In a recent survey we carried out with school children 1 in 10* actually named a fish finger as a real fish so we decided to put the public to the test
(PRWeb UK) October 13, 2009
Aquarists at the SEA LIFE London Aquarium have hoodwinked the public with a decidedly "fishy" new marine species - a family of "fish finger fish". A new display, featuring models of fish fingers with fins and tails billed as bona-fide aquatic life has startled guests over the last week - BUT has fooled as many as it has amused, report the team behind the tongue in cheek hoax. The gag was prompted by a survey in which 1 in 10* respondents said fish fingers were real fish and although it is intended to raise a smile there is a serious underlying message.
"In a recent survey we carried out with school children 1 in 10* actually named a fish finger as a real fish so we decided to put the public to the test", says General Manager Toby Forer. "We've had a lot of fun watching people trying to decide whether our "fishy" fish really were the source of their frozen tea time favourite but the reasons behind the joke are deadly serious. Although awareness of the issues that face our marine life has grown in recent years, partly due to high profile documentaries and the kind of campaigning work we do here, there is still a lack of basic marine knowledge. Believing there really is a fish finger fish is laughable stuff, but unless we all become more "marine aware" the future of our vulnerable oceans is in question."
The Fish Finger Family will remain at the London Aquarium until 1st November. Guests can also learn more about what they can do to make a small difference to the world's marine environment AND, of course, enjoy thousands of REAL sea creatures from sharks to seahorses.
TOP MARINE MYTHS
- A fish finger is NOT a fish. It is a processed (usually frozen) food using fish (most commonly cod or salmon which is then battered and/or breaded).
- Flying fish do NOT fly; they are just long distance gliders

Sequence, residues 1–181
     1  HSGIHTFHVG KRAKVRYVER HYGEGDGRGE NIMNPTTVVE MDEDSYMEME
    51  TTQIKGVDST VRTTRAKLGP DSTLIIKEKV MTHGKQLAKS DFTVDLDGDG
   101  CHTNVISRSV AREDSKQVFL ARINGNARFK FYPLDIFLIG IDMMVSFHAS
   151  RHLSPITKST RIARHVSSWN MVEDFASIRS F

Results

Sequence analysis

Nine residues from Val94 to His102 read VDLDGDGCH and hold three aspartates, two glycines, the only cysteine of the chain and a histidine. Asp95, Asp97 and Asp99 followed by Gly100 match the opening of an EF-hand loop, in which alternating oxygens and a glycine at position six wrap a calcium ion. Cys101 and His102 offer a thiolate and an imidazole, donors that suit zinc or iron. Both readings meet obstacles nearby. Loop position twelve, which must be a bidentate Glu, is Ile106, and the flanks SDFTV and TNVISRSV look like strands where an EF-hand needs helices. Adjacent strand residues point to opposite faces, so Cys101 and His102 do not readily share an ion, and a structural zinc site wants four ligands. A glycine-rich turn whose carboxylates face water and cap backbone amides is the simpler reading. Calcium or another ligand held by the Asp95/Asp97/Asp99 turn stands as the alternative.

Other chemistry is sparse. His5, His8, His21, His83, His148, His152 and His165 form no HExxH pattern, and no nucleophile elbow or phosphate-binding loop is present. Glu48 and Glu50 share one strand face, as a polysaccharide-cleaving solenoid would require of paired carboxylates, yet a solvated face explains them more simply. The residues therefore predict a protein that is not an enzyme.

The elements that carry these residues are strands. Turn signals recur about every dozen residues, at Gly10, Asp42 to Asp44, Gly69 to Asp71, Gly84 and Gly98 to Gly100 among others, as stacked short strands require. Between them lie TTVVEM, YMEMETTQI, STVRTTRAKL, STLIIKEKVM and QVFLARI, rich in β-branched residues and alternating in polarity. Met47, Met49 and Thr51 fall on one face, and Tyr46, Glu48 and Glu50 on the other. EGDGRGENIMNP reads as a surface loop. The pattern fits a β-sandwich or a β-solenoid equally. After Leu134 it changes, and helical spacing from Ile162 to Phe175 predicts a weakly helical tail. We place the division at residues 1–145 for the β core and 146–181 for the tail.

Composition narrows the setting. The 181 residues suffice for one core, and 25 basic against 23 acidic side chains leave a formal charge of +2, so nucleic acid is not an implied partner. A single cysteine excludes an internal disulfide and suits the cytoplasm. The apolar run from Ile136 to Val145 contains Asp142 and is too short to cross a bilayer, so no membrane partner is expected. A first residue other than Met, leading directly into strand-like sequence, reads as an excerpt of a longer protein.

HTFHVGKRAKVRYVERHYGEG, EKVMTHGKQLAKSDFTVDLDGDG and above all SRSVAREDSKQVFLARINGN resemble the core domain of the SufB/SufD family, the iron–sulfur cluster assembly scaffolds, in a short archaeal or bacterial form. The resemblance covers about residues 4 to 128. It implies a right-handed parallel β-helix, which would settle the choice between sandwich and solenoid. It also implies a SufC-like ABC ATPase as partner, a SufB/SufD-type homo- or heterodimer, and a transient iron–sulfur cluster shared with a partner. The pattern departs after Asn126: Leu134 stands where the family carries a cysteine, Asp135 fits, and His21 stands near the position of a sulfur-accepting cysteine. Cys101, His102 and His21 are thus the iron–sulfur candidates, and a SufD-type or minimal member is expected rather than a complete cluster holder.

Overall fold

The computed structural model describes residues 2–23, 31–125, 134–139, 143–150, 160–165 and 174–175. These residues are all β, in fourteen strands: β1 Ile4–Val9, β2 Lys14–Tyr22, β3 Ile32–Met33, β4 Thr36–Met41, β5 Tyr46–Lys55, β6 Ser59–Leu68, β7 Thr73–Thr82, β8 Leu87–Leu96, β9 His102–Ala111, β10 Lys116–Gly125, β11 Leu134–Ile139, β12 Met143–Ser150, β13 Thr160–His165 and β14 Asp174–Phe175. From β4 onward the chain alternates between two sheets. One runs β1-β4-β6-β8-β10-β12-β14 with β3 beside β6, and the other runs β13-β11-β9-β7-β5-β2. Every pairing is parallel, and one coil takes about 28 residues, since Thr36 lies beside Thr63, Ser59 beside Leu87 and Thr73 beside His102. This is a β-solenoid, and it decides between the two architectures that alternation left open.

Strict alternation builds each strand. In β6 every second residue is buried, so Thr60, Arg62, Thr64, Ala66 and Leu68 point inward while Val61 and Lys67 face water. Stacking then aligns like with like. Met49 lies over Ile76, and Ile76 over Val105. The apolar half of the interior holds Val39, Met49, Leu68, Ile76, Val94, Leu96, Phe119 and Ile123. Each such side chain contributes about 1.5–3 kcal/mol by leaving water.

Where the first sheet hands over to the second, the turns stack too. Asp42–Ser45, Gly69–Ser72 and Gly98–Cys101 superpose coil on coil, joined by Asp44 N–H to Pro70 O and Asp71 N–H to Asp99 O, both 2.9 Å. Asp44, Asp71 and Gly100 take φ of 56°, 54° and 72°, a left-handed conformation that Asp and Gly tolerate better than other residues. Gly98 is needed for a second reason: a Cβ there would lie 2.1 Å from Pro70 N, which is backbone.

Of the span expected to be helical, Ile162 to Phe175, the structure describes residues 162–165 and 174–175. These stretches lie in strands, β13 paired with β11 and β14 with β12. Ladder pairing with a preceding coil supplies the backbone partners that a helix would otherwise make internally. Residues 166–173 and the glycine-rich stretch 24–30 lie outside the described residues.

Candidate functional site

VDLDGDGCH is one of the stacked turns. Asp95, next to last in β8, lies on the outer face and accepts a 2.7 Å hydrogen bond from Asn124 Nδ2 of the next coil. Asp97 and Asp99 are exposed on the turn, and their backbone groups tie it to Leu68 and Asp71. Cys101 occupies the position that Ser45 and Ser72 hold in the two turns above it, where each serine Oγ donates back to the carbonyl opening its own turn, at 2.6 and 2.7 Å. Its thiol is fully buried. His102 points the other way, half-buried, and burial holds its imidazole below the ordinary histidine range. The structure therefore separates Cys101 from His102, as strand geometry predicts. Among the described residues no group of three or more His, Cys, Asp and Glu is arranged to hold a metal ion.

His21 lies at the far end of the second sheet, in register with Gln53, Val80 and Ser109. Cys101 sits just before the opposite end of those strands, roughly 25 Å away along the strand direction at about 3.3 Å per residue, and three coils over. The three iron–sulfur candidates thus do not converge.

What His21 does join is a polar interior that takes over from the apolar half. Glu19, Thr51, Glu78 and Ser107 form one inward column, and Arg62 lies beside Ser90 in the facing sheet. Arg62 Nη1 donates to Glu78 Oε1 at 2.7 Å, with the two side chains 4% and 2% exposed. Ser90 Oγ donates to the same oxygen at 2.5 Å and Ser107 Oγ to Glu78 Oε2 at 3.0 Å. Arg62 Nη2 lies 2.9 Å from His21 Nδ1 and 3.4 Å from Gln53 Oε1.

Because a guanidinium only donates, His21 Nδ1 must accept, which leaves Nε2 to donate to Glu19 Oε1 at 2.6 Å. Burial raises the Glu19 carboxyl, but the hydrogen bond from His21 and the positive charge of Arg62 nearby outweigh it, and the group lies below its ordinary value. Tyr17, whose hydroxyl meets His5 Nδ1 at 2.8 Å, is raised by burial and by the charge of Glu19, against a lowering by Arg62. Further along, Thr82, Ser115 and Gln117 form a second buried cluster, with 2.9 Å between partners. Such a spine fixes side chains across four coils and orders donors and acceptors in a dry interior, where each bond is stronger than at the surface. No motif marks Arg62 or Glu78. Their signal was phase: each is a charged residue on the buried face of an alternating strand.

- Corals are not plants; they are animals with hard skeletons and soft bodies.
- Sharks don't prey on people; they usually attack mistaking humans for marine animals on which they feed or when provoked.
- Not all jellyfish sting; or at least not badly - some are so mild they can't be felt.
KEY AQUATIC CHALLENGES
- Over fishing; when the amount of fish caught exceeds the amount of fish needed to sustain fish stocks in a given region it has serious implications for species preservation. Fish under threat through overfishing include cod, halibut, haddock and tuna. People can help address this serious decline by ensuring they purchase fish from sustainable resources; check http://www.mcsuk.org for further information
- Whaling; commercial whaling has decimated populations and endangered the species.
- Pollution: A wide variety of pollutants, including pesticides, sewage and industrial discharges impact on the eco-systems of the world's seas and oceans.
- Acidification: The ocean takes in half of all CO2 emitted by humans, and marine life is beginning to feel its effects as the level of acidity on the ocean surface rises, reducing the amount of calcium carbonate available to coral, plankton and other marine life.
- Bycatch/bottom trawling: Bycatch refers to marine wildlife unintentionally caught by fishermen in the pursuit of a targeted species and kills hundreds of thousands of creatures every year. Bottom trawling is a fishing method that drags heavy metal chains across the ocean floor, destroying ancient deep-sea coral forests and other delicate ecosystems.
*125 seven year olds were asked to name 3 fish in a questionnaire conducted in September 2009. 1 in 10 listed fish fingers. The top three answers were goldfish, clownfish (Nemo) and fish fingers.
NOTE TO EDITORS:
The SEA LIFE London Aquarium is a major centre of importance for marine breeding in the UK and strives to inform visitors about the threats faced by sea creatures and build awareness of, and support for, aquatic conservation endeavors. In recent years a special programme has been established across the SEA LIFE network of 29 centres to develop these activities and the SOS (Save our Seas) Programme has successfully campaigned on a number of issues including whaling.